It used to be such a nice neighborhood. Derek and his wife Toni were content living in the quiet suburbs of Barton, Kansas. Until the new neighbors moved in. Rude, brash, loud, but there was something more to them. Something Derek couldn't put his finger on. And the older neighbors were dying off at an alarming rate. Were Derek’s past mental issues resurfacing or was he on to a darker truth? And just what is in the basement of the house on Pawnee Lane?
He pulled open the basement door and stared down into the darkness. He flipped the light switch. The bulb at the bottom of the stairs spluttered and hissed but finally took on life. Why there wasn’t a bulb at the top of the stairs had been a mystery to Derek since he’d moved in. Apparently one that hadn’t merited a quick resolution.
Derek hunched over before descending, as though it would aid his hearing. He lit the lighter and took a step. He’d hated these kinds of stairs since he was a kid. Ones without risers. An awkward child, he’d always feared falling through his grandmother’s similar cellar stairwell.
A flashlight sat on the second step. He traded it for his lighter, felt the comfortable heft in his hand. Turning the beam on, he took another step down. By the time he reached the fourth step, he could bend and peer under the first floor into the basement. He swept the flashlight across the crowded area. Boxes piled upon boxes, two lives’ worth of unnecessary junk accumulated in one dank holding tank. But no signs of animated life.
Something tickled his ankles. He jolted and sprang back a step. Swinging the light over his feet, he saw nothing but the spotlight wavering on the steps. With both hands, he steadied the flashlight. And waited.
Four thin white snakes darted out from underneath the step then slithered back. Not snakes. Something else. Fingers?
Derek clamped his eyes shut, fat lot of good that would do him. But his mind decided to play tricks on him. The horrible sorta’ tricks Dr. Farraday would love to treat. Working himself into a panic, he breathed in deeply, exhaled, repeated. Nothing behind the stairs except for the furnace. And cobwebs. No fingers white as underground albino worms.
He opened his eyes and pointed the beam at the step again. Nothing there. Drawing his arm across his forehead to mop up the sweat, he turned around, prepared to put off his night hunt until the calm of morning.
From the corner of the basement came a solitary thump.
Derek’s hands jerked up. The flashlight slipped from his grasp, bouncing onto the step below him. Derek grasped for it, his clumsy reflex tapping it into the darkness behind the steps. When it hit the cement, it cracked like a brittle bone breaking. Miraculously, the beam still worked, pinpointing the bottom of a pyramid of boxes to his right.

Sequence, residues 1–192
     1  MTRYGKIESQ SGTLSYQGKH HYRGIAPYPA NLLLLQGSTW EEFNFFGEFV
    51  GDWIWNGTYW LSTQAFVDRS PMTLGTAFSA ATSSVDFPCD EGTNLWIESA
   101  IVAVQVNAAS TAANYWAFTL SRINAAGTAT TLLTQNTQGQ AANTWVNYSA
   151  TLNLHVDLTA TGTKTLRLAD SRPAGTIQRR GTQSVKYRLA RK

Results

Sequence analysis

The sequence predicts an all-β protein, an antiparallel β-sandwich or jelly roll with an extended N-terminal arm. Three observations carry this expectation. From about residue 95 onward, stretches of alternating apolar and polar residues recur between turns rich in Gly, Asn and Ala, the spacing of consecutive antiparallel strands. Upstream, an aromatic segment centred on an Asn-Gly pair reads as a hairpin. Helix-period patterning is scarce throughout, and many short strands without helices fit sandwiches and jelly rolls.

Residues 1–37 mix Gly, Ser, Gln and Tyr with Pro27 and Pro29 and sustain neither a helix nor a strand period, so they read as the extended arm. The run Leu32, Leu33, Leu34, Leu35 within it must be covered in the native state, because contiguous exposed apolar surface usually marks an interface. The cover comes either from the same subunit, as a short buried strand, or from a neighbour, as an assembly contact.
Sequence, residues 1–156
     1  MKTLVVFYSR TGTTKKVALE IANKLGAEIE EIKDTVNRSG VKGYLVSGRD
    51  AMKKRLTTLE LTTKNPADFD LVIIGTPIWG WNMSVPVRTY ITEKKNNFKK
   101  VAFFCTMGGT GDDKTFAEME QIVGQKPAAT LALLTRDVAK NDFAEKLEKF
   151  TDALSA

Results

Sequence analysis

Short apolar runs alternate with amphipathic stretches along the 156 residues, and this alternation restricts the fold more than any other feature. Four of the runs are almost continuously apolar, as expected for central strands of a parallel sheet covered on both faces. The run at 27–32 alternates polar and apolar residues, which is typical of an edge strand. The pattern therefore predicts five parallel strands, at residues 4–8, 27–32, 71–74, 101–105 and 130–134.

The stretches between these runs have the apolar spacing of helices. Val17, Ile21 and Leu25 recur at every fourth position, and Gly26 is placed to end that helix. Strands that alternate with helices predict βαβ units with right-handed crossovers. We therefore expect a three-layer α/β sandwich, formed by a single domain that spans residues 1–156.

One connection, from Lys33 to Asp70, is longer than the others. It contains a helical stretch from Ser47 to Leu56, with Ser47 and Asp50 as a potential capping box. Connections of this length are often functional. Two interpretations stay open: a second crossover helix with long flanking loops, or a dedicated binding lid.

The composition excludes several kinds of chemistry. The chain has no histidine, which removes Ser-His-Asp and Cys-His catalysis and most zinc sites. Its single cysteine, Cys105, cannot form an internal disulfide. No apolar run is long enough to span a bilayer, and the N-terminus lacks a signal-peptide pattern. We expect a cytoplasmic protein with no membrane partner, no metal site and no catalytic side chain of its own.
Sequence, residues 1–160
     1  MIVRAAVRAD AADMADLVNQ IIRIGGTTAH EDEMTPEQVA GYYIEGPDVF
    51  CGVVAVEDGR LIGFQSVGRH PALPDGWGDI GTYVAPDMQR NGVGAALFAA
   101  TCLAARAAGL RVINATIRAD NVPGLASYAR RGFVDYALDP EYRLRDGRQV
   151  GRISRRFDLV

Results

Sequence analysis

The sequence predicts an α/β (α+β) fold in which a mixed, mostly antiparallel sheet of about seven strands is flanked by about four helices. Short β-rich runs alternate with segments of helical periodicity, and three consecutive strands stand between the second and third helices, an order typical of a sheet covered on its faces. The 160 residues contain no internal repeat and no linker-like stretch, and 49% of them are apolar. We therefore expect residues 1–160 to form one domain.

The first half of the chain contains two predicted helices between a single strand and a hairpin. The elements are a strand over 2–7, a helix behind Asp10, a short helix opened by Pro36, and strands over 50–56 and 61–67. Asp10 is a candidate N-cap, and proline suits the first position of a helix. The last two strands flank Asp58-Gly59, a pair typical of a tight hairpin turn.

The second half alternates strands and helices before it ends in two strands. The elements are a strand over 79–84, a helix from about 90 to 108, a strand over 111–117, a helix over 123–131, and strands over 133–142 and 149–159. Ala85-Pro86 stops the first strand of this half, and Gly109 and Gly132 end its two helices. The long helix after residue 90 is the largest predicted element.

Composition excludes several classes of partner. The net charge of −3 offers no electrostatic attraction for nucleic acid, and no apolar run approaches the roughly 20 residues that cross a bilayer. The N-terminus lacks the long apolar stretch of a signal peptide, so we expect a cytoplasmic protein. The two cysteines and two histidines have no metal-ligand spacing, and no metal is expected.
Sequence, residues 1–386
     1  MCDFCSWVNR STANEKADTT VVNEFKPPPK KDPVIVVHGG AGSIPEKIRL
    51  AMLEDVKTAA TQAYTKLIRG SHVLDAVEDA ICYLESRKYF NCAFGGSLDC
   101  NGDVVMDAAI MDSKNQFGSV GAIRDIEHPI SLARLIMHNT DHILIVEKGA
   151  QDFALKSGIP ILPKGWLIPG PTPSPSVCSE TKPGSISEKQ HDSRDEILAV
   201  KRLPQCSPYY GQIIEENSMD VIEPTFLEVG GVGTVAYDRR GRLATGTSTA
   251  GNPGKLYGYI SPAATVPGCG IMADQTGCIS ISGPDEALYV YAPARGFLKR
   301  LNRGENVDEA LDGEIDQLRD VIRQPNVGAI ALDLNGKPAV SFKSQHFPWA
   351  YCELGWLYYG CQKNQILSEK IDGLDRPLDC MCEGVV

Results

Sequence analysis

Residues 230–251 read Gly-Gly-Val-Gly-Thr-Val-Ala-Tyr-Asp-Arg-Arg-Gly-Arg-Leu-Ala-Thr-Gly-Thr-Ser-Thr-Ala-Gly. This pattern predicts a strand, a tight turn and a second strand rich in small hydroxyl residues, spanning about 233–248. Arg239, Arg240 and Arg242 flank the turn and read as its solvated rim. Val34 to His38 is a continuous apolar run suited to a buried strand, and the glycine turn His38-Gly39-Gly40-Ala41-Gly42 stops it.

A thump! Again by the door window. A hand slapping the windowpane?
Derek ran up the stairs and grabbed the knife. Before he could talk himself out of it, he descended the steps again. He kept his eyes on the door in the far corner while he maneuvered to pick up the flashlight.
He dropped to his knees so as not to bump his head underneath the steps. The basement bulb flickered and died, plunging him into overwhelming, threatening darkness. Derek fumbled with his free hand around the floor, following the flashlight’s hopeful ray of light. He grabbed the barrel of the flashlight and swung the light toward the door.
The furnace pilot light kicked on with a fwoomph, a sudden mechanical gasp. A small shriek hiccupped in his chest, rose to his frozen vocal chords, stayed there with the exit barred. His chest fell once he finally expelled his held breath.
He crawled out from under the steps, the flashlight’s beam leading the way. He stood still. And listened again.
Various groans and creaks, the sounds old houses make. The furnace’s pilot light hummed, hoping to build up stamina to birth heat. From somewhere, drops plopped, an agonizingly long trip down to the cement floor.
Something shuffled by the door. Derek passed the light’s arc over the pile of boxes barricading the door. The top box slid an inch. Then another. It fell to the floor with a clatter, a tin cup rolling out. Another box fell.
“Come out.” He hardly recognized the dry wheeze as his voice.
Something flipped up and slapped on top of the boxes.
A shadow rose, backlit by the moonlight filtering in through the window. Dark and formless. A bundle of moving rags. No, not rags. A dress, paisley-patterned, moving, swaying, filled with nothing but air. And Derek’s fevered imagination. But something else held the dress together.
The figure moved around the boxes. Coming closer. Thin long arms stretched out from the rotting material of the dress. Derek’s vision focused, blurs becoming sharper. An old woman lurched toward him. Strands of hair dotted her scalp. Her eyes were gray, dull orbs, glassed over. She opened her mouth. Nothing came out but gaping darkness.
Derek waved his knife. “Stop!” He whirled and ran for the stairs, the beam bouncing erratically in front of him with every movement.
He leapt for the steps and banged his head against the overhang. Falling back, he cursed and raced up the steps again, not slowing until he reached the top. He didn’t want to do it, but he had to. He had to know. He shot the flashlight’s ray behind him. Dancing shadows filled the circle of light.